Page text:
Combination plowing combines subsoiling and bedding into one mechanical treatment. Typically, a subsoil shank and coulter are pulled in front of a bedding plow. Problems with soil compaction, poor drainage, and vegetative competition are reduced, and growth and survival of planted seedlings is improved. This technique is relatively common in pine plantation establishment on upland sites and has provided satisfactory growth and survival results; however, the practice has not been widely used in hardwood efforts. This is primarily because of the cost—$180 to $225 per acre for low logging debris/flat sites —and carrying that cost throughout a lengthy rotation of hardwood timber.

Combination plowing for forestry site preparation is expensive (but cheaper than multiple passes). Consequently, most landowners do not elect to use the treatment. However, it is available through a number of vendors. Costs increase with increases in logging debris and difficulty of terrain.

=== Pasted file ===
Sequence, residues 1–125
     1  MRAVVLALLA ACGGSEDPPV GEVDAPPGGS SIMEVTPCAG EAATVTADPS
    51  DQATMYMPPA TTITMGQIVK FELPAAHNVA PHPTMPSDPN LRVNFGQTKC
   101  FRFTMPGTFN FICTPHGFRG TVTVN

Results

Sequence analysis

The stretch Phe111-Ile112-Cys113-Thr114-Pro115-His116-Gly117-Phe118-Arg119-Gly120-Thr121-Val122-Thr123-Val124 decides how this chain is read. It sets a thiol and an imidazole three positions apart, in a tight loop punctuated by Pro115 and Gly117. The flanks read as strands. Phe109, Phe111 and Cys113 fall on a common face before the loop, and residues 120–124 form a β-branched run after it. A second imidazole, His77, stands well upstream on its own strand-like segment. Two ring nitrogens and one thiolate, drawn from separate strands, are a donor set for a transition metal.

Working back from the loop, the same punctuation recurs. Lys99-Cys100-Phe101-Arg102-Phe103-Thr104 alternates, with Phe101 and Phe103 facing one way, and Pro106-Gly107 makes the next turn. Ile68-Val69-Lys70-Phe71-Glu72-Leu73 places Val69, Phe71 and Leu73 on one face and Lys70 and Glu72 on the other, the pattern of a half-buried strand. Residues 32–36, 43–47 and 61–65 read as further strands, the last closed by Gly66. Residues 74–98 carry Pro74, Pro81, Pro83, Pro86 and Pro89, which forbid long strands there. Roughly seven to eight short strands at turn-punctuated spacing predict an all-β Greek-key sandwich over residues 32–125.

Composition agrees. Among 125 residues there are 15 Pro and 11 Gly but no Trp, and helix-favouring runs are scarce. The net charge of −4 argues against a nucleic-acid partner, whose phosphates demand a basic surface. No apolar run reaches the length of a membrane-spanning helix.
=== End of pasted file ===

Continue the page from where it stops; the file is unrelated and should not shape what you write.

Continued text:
Large agricultural field with rows of plowed dirt and a tractor in the background.
Figure 17. A combination-plowed area ready for planting seedlings. Photo by Brady Self.


Mechanical site preparation can be useful for regeneration efforts. However, performing effective mechanical site preparation can be cost-prohibitive in some cases. Choose site preparation methods on a case-by-case basis, and consult with a forestry professional when selecting appropriate forestry management techniques. Give careful consideration to site-specific soil conditions, techniques that might be used to correct problems, and the budget available to perform mechanical site preparation.